For more than 30 years salespeople and marketers have been drawing lessons from The 6 Principles of Influence by Robert Cialdini. This 1984 book explores the factors that influence people’s decisions, the simple but powerful motivators that make people say “Yes”.
In this article we’re going to look at how you can use Cialdini’s first principle, Reciprocity, to convert a greater number of your leads into sales and build a reputation that will attract referrals and repeat business in future.
The point of reciprocity is not to shower your prospects with all the gifts you can afford, waiting for the opportunity to capitalise on them. You should think of reciprocity as a handful of daily practices – being generous with your time, offering real value when it’s needed - that will help build your reputation and likability over time, something that will persuade people to work with you in future.
Check out some tips on likability and how to build sincere, genuine relationships with your clients.
“We all like to return favours. Most people got it all backwards thinking it means if you will do this for us, then we will do something for you…that’s wrong.” – Robert Cialdini
If you’ve ever received a mint from a waiter, you’ve already seen the principle of reciprocity at work. While you may not think that a 20c mint would make much of an impact after spending a couple hundred Rand on dinner, a much-sited study showed how a waiter could increase their tips by 3% by giving diners a free mint. This increased to 14% with two mints, and 23% if the waiter left one mint and quickly returned to offer a second one.
This doesn’t mean you can boost your commission by 23% by running after your prospects with Endearmints. But it does mean that people respond to feeling appreciated or looked-out for. Cialdini suggests that people have an in-built desire to repay their debts, something that makes them very sensitive to things like gifts, special treatment and being given something of value.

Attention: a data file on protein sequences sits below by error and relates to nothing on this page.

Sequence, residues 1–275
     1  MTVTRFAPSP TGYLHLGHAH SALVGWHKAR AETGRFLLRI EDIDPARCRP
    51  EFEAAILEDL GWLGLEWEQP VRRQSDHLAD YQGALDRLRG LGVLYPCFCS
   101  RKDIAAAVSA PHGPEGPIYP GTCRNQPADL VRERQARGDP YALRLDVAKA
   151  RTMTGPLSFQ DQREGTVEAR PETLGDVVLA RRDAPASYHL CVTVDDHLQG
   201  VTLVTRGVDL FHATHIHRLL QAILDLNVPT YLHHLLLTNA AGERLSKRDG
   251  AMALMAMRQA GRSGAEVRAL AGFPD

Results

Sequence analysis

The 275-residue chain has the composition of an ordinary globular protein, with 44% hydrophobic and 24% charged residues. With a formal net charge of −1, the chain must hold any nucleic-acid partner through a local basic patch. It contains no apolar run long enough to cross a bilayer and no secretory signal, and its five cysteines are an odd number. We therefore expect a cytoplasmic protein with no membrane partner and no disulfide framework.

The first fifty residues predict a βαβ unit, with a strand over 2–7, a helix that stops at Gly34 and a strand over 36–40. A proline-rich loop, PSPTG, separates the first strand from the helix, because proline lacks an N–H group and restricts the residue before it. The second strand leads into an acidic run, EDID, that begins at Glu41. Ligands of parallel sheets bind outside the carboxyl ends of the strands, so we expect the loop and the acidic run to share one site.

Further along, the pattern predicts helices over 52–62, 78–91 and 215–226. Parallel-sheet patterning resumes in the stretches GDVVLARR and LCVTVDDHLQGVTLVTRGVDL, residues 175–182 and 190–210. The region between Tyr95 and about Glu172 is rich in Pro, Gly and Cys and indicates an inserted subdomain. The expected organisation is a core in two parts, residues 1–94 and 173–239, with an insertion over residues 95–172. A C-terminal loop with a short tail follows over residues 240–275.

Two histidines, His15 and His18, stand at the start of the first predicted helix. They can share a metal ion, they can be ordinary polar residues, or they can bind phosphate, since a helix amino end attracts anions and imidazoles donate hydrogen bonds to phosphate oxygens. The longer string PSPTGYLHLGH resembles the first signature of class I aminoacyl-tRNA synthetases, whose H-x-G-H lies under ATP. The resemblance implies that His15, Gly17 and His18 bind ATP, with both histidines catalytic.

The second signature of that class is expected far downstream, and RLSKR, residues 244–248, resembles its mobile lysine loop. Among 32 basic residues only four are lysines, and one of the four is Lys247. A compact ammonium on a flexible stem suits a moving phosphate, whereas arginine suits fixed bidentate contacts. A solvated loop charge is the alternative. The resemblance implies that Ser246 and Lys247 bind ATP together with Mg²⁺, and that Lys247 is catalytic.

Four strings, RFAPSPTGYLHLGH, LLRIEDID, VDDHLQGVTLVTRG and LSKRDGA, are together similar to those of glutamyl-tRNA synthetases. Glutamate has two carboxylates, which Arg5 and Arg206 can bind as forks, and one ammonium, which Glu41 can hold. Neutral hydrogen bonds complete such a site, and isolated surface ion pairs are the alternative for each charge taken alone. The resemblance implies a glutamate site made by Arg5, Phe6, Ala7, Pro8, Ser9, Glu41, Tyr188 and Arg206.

So how can we apply this to the work of a South African real estate agent?
Fortunately, the best way to develop reciprocity is also the cheapest. More than gifts, advice or the lounge music playing at a viewing, giving your time freely and unconditionally is the clearest investment you can make to your clients.
Make sure you have enough time during any call or meeting to have a casual conversation where you can answer questions, give advice or otherwise offer yourself to your client or prospect. The same goes for viewings. Arriving early, bringing water or snacks, learning about your clients or preparing your presentation all contribute to how your prospects and clients will think about you.
Being generous with your time, through preparation and your attitude to calls and meetings, is a gift that people will respond to because it is a powerful indicator of the effort you are putting in to them. It also can’t be faked or rushed, broadcasting to your clients and prospects that you are thinking about them even when they aren’t thinking of you.
The waiter-mint study shows that you don’t need a high-value gift in order to make use of reciprocity. Far more important is the simple act of making your client feel appreciated.
Focus on the act rather than the gift. Building reciprocity is all about client relationship management. if you’re using your gifts or resources to build your relationships with clients and prospects, your efforts will be strengthened by the power of reciprocity.
Low-value gifts or resources with a high impact might include:
To really make an impression, consider offering one or two high-value resources. These don’t have to cost much and may not have to cost anything. You could even turn a low-value resource into a high-value one by offering it regularly.
These high-value offerings – say, a weekly emailer or a monthly newsletter of important property news - are your opportunity to set yourself apart by truly offering value to your clients. If you offer a great weekly property resource to your clients, it’s also likely that other property sellers will hear about it.
In addition to a weekly mailer or monthly newsletter, other examples of high-value resources include:
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